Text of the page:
Zoom Q8 Handy Video Recorder review

One-stop audio/video shop

  • £319
  • €538
  • $499
Setting up is a straightforward process, using a rotatable touchscreen that also serves as your video monitor

MusicRadar Verdict

A practical addition to your gigbag to record both audio and visuals.

Pros

  • +

    Useful in a range of applications. Carefully considered controls and connections.

Cons

  • -

    Touchscreen can be fiddly for the large fingered.

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If you play in a band or are a solo artist, there are more opportunities than ever these days when it comes to self-promotion and making money from music - posting videos on YouTube, selling your music on iTunes and more. Of course, you need technology to make that happen, and the Q8 from Zoom seems to tick a lot of the relevant boxes.

It's a portable video and audio recorder that offers high-definition video and quality audio recording (up to 24-bit/96kHz), so could be a great choice for recording the visuals and music together at a gig.

"Four channels of audio can be recorded simultaneously with or without video"

Light and easily portable, the Q8 can be hand-held but lends itself to being in a fixed position on a stand courtesy of the tripod mount on its base. The unit runs off a rechargeable lithium-ion battery and records to an SD card (not supplied).

Four channels of audio can be recorded simultaneously with or without video. There's a stereo track that can be recorded using the attached X/Y mic (Zoom has an interchangeable mic capsule system with a range of other mics available), and there are a pair of XLR/jack combo inputs to take mic or line inputs for the other two tracks, which can configured as a stereo pair or separate mono tracks.

A built-in speaker and stereo headphone/line output jack take care of audio monitoring. Four different recording modes are selectable: video with audio, video with separate audio files, stereo audio, or multi-audio.

Setting up is a relatively straightforward process, using a rotatable touchscreen that also serves as your video monitor, although anyone blessed with fat, podgy fingers might initially find negotiating the menus a bit fiddly.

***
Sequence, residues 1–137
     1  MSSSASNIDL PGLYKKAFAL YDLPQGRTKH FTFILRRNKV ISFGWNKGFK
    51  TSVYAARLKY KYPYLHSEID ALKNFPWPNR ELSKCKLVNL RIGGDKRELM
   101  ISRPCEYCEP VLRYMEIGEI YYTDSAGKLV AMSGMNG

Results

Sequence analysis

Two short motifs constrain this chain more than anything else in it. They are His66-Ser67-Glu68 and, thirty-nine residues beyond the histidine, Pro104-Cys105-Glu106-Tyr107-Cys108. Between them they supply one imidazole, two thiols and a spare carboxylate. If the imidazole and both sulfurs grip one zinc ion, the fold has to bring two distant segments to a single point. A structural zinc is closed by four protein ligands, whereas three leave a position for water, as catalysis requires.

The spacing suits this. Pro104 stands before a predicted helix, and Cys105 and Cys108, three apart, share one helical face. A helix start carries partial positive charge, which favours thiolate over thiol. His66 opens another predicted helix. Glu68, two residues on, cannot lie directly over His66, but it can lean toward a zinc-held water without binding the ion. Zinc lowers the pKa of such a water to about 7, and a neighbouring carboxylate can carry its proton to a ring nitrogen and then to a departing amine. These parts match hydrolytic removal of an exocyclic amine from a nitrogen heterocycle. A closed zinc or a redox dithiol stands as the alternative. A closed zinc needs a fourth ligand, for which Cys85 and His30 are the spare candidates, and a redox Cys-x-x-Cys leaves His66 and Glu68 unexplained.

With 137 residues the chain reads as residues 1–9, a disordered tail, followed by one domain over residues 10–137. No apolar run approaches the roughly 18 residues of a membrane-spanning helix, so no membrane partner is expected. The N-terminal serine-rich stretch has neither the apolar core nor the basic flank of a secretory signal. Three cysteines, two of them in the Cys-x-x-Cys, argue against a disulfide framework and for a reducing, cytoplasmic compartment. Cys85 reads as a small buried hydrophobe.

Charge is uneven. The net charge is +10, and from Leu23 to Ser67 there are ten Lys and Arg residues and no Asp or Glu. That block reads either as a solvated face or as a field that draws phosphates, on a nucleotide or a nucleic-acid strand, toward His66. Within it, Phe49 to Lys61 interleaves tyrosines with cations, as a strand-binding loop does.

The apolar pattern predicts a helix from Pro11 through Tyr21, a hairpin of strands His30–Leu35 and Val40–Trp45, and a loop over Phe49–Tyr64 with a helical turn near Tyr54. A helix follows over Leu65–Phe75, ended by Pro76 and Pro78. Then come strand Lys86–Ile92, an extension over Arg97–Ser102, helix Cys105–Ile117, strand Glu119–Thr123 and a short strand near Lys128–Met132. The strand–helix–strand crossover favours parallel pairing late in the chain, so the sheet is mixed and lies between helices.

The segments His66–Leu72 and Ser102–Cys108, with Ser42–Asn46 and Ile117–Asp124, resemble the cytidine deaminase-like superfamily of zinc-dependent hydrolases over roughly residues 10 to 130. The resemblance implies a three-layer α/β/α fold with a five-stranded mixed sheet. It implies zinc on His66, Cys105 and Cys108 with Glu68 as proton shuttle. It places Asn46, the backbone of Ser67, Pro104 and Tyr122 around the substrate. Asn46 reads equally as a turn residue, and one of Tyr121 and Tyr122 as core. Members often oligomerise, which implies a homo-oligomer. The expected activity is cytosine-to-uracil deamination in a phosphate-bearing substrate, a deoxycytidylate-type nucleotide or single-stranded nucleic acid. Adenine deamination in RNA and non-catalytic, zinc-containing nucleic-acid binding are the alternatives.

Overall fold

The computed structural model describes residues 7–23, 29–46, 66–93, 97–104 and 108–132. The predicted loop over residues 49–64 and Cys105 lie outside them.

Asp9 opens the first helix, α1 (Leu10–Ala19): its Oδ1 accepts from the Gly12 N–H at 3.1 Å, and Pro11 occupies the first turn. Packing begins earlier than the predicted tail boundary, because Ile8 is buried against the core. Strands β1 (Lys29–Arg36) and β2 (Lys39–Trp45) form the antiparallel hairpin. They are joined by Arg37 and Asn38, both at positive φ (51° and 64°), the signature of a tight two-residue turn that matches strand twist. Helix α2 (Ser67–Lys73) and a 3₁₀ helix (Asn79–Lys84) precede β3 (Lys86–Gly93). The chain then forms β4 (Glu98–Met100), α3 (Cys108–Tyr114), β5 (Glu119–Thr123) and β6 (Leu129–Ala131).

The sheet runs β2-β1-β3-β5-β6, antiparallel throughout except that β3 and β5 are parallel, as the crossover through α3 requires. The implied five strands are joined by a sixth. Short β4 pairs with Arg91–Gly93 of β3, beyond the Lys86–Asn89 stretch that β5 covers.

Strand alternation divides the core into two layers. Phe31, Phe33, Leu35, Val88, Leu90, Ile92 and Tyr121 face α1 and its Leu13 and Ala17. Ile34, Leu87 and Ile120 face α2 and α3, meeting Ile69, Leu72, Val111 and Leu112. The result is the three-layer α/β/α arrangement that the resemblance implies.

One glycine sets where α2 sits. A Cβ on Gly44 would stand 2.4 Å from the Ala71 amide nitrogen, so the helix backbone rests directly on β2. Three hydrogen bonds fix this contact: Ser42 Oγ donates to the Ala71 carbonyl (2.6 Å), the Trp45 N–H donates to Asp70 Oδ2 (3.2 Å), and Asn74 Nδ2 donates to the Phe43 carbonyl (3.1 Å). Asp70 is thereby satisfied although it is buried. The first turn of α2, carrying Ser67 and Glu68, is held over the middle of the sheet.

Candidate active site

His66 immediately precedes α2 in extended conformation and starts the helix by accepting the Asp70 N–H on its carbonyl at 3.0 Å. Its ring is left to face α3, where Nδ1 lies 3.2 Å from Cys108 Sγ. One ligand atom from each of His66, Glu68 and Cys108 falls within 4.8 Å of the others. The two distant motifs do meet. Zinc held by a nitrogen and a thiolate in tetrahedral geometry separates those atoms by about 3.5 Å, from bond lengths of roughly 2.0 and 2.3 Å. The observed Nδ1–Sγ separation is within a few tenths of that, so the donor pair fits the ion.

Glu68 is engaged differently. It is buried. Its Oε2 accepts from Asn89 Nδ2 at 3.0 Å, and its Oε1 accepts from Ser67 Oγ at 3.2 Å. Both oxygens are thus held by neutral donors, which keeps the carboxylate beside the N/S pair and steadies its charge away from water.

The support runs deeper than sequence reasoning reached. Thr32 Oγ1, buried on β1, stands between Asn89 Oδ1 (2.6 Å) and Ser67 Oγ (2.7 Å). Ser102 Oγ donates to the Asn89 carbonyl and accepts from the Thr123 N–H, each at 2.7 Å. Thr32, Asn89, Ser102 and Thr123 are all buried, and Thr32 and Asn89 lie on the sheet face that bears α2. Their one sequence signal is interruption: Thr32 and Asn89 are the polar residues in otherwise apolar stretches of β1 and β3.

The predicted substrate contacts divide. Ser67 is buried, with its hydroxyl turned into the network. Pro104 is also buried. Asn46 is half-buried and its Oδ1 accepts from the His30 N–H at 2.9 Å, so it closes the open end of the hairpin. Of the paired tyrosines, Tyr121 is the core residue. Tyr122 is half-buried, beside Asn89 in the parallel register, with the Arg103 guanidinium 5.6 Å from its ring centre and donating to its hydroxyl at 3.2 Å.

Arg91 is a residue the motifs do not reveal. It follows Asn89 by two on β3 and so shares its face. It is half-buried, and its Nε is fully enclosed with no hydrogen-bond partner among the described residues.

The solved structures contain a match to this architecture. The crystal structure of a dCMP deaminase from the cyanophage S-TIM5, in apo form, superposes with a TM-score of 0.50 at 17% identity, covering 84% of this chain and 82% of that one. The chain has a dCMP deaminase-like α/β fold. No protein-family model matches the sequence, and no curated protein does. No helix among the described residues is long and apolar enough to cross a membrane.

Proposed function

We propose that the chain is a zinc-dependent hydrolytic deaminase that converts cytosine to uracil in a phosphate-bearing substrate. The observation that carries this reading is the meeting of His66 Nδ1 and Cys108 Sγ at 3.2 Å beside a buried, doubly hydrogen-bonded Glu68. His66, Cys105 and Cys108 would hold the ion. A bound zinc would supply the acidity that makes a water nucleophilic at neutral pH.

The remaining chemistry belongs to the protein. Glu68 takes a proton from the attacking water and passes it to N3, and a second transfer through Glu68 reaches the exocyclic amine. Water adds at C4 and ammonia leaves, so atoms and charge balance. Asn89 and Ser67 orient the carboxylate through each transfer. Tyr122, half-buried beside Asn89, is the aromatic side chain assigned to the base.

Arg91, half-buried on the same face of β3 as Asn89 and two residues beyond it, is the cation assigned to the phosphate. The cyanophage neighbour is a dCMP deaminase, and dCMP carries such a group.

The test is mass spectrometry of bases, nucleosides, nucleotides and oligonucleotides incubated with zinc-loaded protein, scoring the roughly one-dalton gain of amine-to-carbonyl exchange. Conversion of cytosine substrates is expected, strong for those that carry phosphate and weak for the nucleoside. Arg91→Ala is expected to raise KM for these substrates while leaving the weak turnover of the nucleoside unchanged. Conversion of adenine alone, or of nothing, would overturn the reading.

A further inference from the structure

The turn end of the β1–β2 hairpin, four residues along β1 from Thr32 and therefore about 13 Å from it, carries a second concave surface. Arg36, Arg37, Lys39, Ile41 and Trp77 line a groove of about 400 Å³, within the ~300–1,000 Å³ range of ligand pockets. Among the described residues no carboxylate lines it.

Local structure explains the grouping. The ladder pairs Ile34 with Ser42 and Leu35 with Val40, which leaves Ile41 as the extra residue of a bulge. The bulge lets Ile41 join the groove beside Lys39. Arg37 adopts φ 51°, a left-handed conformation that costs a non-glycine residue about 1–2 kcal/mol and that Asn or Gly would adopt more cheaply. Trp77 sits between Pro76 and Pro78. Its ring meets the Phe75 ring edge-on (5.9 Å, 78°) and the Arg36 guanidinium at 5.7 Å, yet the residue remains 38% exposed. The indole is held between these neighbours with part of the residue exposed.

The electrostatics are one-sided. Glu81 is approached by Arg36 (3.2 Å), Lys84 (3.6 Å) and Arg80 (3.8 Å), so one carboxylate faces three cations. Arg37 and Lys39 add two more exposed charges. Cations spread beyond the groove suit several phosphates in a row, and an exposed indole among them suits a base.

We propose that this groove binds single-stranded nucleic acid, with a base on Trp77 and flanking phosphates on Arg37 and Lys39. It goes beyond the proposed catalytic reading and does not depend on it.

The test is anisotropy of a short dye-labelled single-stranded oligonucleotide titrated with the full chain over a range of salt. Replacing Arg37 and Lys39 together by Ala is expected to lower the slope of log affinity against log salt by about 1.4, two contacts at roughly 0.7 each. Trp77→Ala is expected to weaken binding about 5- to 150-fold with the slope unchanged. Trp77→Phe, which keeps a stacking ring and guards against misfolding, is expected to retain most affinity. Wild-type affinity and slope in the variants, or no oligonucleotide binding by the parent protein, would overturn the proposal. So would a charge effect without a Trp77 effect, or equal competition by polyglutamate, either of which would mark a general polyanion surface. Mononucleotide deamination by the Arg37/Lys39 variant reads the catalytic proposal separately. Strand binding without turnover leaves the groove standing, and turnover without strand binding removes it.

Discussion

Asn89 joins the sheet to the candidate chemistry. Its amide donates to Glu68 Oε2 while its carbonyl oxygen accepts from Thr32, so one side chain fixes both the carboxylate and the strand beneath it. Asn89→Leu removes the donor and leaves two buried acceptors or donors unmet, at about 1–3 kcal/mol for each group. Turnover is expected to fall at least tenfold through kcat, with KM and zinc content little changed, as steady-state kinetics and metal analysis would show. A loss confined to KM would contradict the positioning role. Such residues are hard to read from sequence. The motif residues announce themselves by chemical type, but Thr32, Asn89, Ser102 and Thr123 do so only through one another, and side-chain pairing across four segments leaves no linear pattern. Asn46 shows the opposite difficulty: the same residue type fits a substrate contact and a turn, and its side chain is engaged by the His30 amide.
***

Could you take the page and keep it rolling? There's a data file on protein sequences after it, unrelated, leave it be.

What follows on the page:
In Use

Once set up, recording is initiated with a press of a single red button. Physical controls are, in fact, kept to a minimum - just the necessary buttons for playback and to arm the tracks, and easily-adjusted input gain dials for the mic and the two inputs.

"It also supports live streaming and the Q8 can be used as a webcam or USB microphone"

For the video, you get a 160-degree wide-angle lens with digital zoom and a choice of formats up to 2,034 x 1,296 pixels (3M HD), with frame rates of up to 60fps at 720p. There's a HDMI output for video monitoring.

A USB connection transfers all .mov files and .wav files to your computer for editing. It also supports live streaming and allows the Q8 to be used as a webcam or USB microphone.

So, is it for you? Well, in a band you can be videoing the gig while recording the audio in the room with the mics and recording a feed from the mixing desk onto the other tracks - all time stamped and synchronised for editing later.

A solo performer could record the stereo sound in the room alongside separate tracks of acoustic guitar and vocals. There's also use as a pure audio recorder for capturing song ideas and the like. Overall, the Q8 is a creative tool that could expand your musical horizons.

Trevor Curwen has played guitar for several decades – he's also mimed it on the UK's Top of the Pops. Much of his working life, though, has been spent behind the mixing desk, during which time he has built up a solid collection of the guitars, amps and pedals needed to cover just about any studio session. He writes pedal reviews for Guitarist and has contributed to Total Guitar, MusicRadar and Future Music among others.